As a professor of Media Studies, I often meet students who express concern about the impact of digital media on their personal lives—for example, their ability to concentrate or to form healthy, authentic relationships. Less often, but occasionally, students voice concern about the torrent of images and less-than-trustworthy “news” they encounter online, and its impact on their ability to engage effectively as citizens. In fact, helping students make connections between the personal and collective dimensions of digital culture is one of the most important, and most difficult, responsibilities I face in the classroom.
It is often said that we teach what we need to learn. Nowhere in my teaching career have I found this to be more the case than in my creation and implementation of a new course for our university’s curriculum titled, Sociology of the Body.
In my role as the Contemplative Life Advisor at Hampshire College, I support students to practice, develop and integrate meditation, mindfulness, and related principles of awareness and compassion into their lives. This includes reflecting on key systemic forms of suffering, particularly oppression, climate disruption and other environmental damage, and potential remedies/right actions of social justice and sustainability.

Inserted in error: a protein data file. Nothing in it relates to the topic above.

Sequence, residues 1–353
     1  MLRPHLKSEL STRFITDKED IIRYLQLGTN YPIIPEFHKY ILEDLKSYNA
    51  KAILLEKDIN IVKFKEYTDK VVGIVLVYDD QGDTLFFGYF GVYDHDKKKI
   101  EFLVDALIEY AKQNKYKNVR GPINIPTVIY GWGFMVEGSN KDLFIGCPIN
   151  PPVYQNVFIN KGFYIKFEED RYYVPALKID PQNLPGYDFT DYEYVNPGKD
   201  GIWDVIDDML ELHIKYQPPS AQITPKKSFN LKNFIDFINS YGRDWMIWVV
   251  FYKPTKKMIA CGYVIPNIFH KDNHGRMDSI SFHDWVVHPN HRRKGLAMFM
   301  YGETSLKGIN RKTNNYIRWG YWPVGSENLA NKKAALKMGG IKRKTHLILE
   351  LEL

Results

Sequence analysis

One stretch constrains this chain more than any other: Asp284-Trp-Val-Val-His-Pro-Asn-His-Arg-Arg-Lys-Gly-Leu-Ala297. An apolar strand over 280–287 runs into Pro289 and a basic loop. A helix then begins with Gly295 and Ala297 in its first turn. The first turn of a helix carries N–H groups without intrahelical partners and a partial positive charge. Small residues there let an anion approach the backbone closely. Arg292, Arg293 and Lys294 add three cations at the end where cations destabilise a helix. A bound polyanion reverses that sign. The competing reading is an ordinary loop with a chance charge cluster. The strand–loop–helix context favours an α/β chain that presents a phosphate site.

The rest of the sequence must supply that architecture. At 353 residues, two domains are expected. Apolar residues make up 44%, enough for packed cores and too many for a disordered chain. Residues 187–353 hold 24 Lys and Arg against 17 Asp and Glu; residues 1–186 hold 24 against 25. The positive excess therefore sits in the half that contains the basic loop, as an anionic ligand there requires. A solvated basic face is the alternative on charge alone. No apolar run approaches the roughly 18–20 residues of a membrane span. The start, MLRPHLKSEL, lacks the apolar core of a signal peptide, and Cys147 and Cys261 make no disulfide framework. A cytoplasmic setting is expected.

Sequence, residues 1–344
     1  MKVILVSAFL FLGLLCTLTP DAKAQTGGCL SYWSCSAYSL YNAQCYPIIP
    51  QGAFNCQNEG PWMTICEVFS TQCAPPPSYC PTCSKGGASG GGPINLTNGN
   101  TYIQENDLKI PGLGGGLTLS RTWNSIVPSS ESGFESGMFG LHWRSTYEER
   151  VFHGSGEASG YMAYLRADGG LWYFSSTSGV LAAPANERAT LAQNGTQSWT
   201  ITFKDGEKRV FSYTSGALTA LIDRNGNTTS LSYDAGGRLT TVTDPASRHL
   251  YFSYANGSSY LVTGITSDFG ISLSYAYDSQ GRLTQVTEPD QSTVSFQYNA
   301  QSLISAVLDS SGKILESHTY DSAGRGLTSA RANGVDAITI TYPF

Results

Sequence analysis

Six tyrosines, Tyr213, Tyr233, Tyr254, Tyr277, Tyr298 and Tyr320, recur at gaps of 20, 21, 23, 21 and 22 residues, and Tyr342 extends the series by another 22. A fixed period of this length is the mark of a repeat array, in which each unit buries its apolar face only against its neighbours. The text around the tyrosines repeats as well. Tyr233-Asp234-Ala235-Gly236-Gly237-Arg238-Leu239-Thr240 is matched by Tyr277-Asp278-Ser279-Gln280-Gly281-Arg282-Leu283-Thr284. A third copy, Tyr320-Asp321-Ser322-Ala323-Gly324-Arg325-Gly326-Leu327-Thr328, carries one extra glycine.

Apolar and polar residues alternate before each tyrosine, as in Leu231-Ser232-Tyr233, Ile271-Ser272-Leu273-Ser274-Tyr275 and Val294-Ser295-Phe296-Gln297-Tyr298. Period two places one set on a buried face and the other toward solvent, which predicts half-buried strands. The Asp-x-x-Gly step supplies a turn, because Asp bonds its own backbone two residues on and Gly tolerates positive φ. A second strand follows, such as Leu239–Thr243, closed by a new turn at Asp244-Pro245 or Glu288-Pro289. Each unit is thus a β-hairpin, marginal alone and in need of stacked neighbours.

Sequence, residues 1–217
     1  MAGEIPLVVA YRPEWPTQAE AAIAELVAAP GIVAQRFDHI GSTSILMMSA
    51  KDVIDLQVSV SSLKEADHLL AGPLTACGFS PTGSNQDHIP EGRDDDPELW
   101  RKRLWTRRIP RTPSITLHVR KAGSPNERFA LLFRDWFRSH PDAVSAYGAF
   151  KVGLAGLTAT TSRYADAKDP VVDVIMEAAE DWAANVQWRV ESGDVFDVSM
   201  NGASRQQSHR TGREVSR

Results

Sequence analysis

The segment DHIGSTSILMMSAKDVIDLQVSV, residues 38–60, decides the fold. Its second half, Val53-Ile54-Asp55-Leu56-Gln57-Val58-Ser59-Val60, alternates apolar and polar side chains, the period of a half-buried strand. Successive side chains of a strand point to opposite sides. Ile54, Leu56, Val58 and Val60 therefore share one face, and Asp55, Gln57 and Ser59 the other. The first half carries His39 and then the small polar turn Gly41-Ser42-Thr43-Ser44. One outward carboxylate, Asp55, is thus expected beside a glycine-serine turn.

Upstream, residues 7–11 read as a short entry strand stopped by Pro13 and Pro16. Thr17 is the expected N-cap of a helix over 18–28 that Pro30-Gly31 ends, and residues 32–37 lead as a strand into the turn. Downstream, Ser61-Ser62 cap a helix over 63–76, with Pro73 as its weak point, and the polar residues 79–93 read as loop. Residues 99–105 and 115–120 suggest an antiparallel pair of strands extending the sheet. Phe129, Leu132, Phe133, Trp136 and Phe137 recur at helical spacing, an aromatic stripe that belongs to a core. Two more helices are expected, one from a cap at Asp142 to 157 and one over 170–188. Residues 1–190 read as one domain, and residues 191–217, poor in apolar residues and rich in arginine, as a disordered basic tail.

In my PhD capstone methods course, I was introduced to photovoice, a visual research methodology that is used to visually capture another’s perspective by commissioning individuals to go out and capture their own lives in a meaningful, visual way. Photovoice is an emancipatory method at its roots, used to help highlight the voices of those who are often silenced in society—victims of domestic violence (Frohmann, 2005), those with a disability (Thoutenhoofd, 1997), people of color (Douglas, 1998), LGBTQ-identified individuals (Santurri, 2014), the elderly (Baker & Wang, 2006), and more.
When people first hear terms like “mindfulness” or “contemplative,” it is common for images of cross-legged silent meditation or perhaps uttering “Om” to be conjured in the listener’s mind. This is a stereotype of course, and like others, it is constructed from things that actually happen (i.e. seeing someone cross-legged and meditating and/or chanting) and then extrapolated into a caricature of reality.
Oppression causes deep wounds, both individually and collectively. It results in deeply held grief and sadness, much of which emerges when we discuss issues of oppression in social justice classrooms. Part of healing as individuals and as communities is to acknowledge those wounds and begin to heal that grief. Doing so will take time and many different paths, but pretending that it isn't present in our classrooms only makes it stronger.